From the Elmont-Franklin Square Herald, a Richner Communications Newspaper
By Jackie Nash
Sen. Jack Martins (R-Elmont) introduced a bill last week to repeal a recently implemented policy by the Metropolitan Transit Authority that charges customers a $10 processing fee for returning unused Long Island Rail Road tickets. Martins said he introduced the legislation because he believes the fee is an unfair addition to the MTA’s already inconvenient fare increases and service cuts that have occurred over the past year.
“To put in a processing fee just to return a ticket is arrogant at best,” he said. “This legislation repeals the processing fee, which should never have been instituted.” Martins explained that in many cases, the processing fee for returning a ticket is greater than the value of the ticket. He added that he has received several complaints from residents about the $10 processing fee, which was implemented by the MTA on Dec. 30. Additionally, the policy invalidates unused one-way and round-trip tickets after two weeks of the purchase date. For a full refund, any unused tickets must be returned within 30 days of the purchase date.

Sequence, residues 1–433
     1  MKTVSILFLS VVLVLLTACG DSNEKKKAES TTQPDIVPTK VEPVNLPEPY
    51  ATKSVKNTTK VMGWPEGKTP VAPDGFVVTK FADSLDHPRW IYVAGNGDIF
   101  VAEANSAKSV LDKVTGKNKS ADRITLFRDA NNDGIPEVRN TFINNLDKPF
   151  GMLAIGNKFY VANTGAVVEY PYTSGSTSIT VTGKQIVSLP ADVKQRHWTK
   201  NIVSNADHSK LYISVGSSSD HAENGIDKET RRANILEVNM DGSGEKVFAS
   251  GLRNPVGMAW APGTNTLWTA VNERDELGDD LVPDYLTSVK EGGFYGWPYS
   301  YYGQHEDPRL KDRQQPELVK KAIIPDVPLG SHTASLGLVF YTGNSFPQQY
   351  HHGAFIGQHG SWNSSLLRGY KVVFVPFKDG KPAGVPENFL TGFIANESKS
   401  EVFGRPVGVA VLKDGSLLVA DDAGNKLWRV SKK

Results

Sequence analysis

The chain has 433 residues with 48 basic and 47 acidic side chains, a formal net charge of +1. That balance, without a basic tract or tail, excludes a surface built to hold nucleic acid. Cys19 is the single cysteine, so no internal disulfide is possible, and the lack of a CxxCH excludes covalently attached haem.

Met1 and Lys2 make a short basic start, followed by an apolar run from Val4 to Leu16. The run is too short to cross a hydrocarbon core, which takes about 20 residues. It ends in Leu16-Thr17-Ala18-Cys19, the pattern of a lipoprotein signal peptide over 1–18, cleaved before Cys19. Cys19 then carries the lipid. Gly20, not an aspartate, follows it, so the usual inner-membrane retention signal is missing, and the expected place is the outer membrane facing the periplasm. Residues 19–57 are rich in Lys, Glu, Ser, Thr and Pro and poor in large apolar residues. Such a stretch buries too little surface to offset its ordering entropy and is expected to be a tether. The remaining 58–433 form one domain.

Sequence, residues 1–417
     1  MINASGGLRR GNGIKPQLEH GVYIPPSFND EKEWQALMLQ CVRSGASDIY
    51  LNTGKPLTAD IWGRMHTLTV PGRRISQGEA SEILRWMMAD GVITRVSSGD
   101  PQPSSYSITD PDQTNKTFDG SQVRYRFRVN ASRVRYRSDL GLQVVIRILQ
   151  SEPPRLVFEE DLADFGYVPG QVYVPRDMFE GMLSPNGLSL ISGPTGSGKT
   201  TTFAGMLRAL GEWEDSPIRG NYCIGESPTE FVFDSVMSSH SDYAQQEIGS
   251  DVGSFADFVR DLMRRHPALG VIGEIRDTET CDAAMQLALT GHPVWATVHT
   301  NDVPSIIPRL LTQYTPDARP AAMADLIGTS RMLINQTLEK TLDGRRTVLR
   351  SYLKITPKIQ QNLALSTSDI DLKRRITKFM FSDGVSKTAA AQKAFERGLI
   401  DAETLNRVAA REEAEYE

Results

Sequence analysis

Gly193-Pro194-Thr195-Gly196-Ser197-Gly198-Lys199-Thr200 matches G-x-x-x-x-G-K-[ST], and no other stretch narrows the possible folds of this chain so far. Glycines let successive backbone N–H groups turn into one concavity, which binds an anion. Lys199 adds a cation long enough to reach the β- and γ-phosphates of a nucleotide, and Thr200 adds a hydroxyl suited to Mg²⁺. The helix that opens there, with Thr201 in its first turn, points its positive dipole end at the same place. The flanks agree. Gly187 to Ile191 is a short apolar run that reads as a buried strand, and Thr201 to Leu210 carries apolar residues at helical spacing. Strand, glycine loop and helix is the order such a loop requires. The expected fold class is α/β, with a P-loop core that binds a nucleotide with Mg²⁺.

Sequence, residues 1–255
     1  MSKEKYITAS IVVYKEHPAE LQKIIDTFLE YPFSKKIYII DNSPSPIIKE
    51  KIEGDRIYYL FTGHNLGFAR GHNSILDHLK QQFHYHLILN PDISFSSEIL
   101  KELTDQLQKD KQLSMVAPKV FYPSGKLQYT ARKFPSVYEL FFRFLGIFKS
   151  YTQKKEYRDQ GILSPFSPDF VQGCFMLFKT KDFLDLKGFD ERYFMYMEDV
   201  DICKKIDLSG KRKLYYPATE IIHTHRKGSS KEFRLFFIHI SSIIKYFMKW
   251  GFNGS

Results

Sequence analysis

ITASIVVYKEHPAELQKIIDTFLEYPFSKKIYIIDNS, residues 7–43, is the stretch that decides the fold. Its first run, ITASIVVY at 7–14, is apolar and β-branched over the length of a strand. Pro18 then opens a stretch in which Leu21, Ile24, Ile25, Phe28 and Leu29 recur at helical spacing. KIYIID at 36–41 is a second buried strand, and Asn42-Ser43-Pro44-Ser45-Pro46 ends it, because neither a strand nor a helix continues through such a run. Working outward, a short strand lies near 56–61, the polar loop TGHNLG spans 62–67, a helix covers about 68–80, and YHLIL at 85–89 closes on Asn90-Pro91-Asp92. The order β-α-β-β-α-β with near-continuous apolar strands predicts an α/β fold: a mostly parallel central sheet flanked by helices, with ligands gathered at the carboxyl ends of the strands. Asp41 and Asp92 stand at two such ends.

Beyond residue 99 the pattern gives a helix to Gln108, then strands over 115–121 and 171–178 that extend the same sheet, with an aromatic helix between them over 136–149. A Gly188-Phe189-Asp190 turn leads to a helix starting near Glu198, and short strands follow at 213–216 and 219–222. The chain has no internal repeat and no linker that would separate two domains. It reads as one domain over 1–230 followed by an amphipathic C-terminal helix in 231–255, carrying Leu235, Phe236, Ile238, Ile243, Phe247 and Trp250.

Martins’ legislation, S.3778, would force the MTA to issue a full reimbursement for unused tickets, and give the purchaser six months from the date of the purchase to return the unused ticket.
Martins said he was alerted about the processing fee by a constituent who purchased a the Long Island Rail Road ticket for a ride home to New Hyde Park for $7.25, and decided to return the ticket when she received a ride home instead. When the constituent went to return the ticket, she found out that it would cost her $2.75 to return it, for a net loss of $10.
“I am appalled that there is a processing fee to return a ticket. Customers who purchase a ticket but don’t use the service should be able to get a refund on their money,” Martins said.
Scott Cushing, Martins’ executive assistant, said the MTA instituted the fee due to budget problems. “The MTA treats people in Nassau County like an ATM,” Cushing said. “Not everybody uses the train every day. Therefore, there are times when people buy a ticket to go to a destination, and at the last minute do not go. The MTA shouldn’t be able to host this modern-day train robbery of taxpayers.”
S.3778 has been referred to the Senate’s Transportation Committee.